Lobo talked about seeing the exhibit of the All American Red Heads team. She talked about the influence of her grandmothers on her life, her parents, others who helped her with her career, she related an anecdote about her daughter, epitomizing how things have changed for women in the sports world: But two years ago, a year and a half ago, my oldest daughter, 4 ½, my husband was watching UConn men, playing on the television in the living room, my daughter walked in the room and looked at the TV and said to Steve, "Are those boys playing?" And I said, "yes". And my daughter said, "I didn’t know boys played basketball". On April 12, 2003, Rebecca changed her last name from Lobo to Lobo-Rushin after marrying Sports Illustrated writer Steve Rushin at the Basketball Hall of Fame in Springfield, Massachusetts, they have four children. In Steve Rushin's word
2013 WNBA Finals
The 2013 WNBA Finals was the playoff series for the 2013 season of the Women's National Basketball Association, the conclusion of the season's playoffs. The Minnesota Lynx, champions of the Western Conference, defeated the Atlanta Dream, champions of the Eastern Conference; the WNBA Finals were under a 2–2–1 rotation. The Lynx held home-court advantage; the meeting is a rematch of the 2011 WNBA Finals, in which the Lynx defeated the Dream in three games. The Lynx won the first game of the series 84-59, the second 88-63, they finished the sweep with an 86-77 win in Atlanta, becoming the second WNBA team to sweep through the playoffs since the best-of-five finals format was adopted. The Atlanta Dream finished 17-17, good for second place in the Eastern Conference, they defeated the Washington Mystics in three games in the conference semifinals, swept fourth-seeded Indiana, the defending WNBA champions, who had upset the top seed, the Chicago Sky, in the first round. The Dream featured Angel McCoughtry, who won her second consecutive scoring title in 2013, as well as Brazilian center Erika de Souza.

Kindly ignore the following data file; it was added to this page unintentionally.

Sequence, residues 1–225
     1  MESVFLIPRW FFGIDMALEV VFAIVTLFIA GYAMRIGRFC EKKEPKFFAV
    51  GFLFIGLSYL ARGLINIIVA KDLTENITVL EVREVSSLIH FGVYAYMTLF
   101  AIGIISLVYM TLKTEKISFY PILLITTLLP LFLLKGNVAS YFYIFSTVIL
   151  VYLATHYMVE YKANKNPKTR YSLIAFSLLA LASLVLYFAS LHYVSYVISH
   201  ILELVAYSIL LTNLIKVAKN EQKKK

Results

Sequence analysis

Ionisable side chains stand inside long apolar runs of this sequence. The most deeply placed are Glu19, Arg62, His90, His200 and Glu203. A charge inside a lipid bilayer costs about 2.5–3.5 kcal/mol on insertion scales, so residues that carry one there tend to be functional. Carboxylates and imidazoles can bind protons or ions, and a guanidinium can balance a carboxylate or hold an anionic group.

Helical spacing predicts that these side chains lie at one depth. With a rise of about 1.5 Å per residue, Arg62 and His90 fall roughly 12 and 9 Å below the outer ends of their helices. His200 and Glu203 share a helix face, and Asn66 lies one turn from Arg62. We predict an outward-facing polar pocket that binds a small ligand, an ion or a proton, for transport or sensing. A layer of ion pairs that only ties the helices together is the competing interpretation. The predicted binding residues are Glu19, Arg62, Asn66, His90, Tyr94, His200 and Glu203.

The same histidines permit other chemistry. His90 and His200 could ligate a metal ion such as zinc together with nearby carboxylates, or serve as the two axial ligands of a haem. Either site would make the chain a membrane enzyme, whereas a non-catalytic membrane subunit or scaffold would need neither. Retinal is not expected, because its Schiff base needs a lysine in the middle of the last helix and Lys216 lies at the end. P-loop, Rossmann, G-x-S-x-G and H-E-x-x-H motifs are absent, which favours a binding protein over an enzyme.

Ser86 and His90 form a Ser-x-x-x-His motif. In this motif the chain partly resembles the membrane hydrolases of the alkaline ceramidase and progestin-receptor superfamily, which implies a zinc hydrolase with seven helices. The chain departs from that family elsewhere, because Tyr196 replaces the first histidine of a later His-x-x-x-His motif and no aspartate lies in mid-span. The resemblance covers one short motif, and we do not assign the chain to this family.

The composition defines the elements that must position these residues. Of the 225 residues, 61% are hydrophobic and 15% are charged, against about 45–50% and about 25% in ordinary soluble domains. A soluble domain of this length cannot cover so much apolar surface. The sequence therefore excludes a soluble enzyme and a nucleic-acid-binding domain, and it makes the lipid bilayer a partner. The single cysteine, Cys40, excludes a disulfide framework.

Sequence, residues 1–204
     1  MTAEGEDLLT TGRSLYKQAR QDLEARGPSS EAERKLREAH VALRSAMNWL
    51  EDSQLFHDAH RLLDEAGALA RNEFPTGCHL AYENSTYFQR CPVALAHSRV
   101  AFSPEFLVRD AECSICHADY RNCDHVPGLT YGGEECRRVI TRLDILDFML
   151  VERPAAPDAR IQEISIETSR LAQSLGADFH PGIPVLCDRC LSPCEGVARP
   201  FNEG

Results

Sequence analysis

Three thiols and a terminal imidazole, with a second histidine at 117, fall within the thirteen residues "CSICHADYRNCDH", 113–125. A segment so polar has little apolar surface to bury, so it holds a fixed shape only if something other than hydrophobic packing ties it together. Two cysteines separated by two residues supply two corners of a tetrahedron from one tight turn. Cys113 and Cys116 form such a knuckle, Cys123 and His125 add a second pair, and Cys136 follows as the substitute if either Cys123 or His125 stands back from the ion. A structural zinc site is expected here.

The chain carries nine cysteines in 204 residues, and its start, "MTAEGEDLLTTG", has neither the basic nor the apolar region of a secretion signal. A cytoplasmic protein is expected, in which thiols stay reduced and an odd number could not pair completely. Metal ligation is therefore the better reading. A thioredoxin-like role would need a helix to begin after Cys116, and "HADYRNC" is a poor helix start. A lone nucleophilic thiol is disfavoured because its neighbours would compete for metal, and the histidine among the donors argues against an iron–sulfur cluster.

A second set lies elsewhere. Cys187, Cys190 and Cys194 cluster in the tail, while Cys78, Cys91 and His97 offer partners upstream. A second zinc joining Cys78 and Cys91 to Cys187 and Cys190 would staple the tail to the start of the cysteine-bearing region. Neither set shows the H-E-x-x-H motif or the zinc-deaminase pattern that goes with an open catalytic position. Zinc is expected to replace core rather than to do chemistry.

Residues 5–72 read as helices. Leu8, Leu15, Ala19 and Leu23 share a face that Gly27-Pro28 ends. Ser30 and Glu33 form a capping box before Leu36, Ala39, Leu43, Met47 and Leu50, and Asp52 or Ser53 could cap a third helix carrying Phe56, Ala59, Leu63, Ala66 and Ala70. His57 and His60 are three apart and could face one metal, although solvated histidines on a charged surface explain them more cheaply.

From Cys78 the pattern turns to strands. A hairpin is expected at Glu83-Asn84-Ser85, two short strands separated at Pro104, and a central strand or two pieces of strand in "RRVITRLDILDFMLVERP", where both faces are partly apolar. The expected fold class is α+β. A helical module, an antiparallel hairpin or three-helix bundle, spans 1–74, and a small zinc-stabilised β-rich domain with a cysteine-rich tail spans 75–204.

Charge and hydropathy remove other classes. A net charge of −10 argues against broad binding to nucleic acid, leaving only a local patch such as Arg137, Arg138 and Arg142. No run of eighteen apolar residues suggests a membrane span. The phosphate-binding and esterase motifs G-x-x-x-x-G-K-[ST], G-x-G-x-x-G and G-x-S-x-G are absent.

However, the Dream played the Finals without Sancho Lyttle, who had gone down with an injury during the season. The Minnesota Lynx finished with the best record in the WNBA for the third straight year.. The Lynx swept both fourth-seeded Seattle and pre-season favorites Phoenix to win their third consecutive Western Conference crown; the Lynx returned their core nucleus of Seimone Augustus, Rebekkah Brunson, Maya Moore, Lindsay Whalen, all of whom played on the Lynx's 2011 championship team. The season series was tied, 1-1: All times are in Eastern Daylight Time; the Minnesota Lynx came out determined not to lose game one at home as they had in the 2012 WNBA Finals. Maya Moore led the Lynx with 23 points, Monica Wright added 20 off the bench as the Lynx cruised past the dream 84-59. Angel McCoughtry led the Dream with 17 points; the Lynx came out on fire in Game 2, opening up an 11-point lead after the first quarter that they would never relinquish. Seimone Augustus led the Lynx in scoring with 20 points, all five starters finished the game in double figures.
Angel McCoughtry was hampered by foul trouble throughout the night, fouled out in the fourth quarter. The Lynx opened up an 8-point lead at the end of the first quarter, but Atlanta battled back several times, cutting the lead to 3 at halftime. However, the balanced attack of Minnesota was too much for the Dream to overcome. Maya Moore of the Lynx was named WNBA Finals MVP
The Phoenix Mercury is a professional basketball team based in Phoenix, playing in the Western Conference in the Women's National Basketball Association. The team was founded; the team is owned by Robert Sarver, who owns the Mercury's NBA counterpart, the Phoenix Suns. The Mercury has qualified for the WNBA Playoffs in eleven of its twenty years in Phoenix; the franchise has been home to many high-quality players such as former UConn sharpshooter Diana Taurasi, explosive Rutgers grad Cappie Pondexter, former Temple power forward Candice Dupree, former Baylor standout center Brittney Griner, Australian guard Penny Taylor. In 1998, 2007, 2009, 2014, the Mercury went to the WNBA Finals. With a cast that included hall-of-famer Nancy Lieberman, possible future hall-of-famers Michele Timms of Australia, Jennifer Gillom, hyper-active star Bridget Pettis, outspoken coach Cheryl Miller, the Mercury established itself as a major franchise. In the first WNBA season, the Mercury posted a 16–12 record and reached the first WNBA playoffs.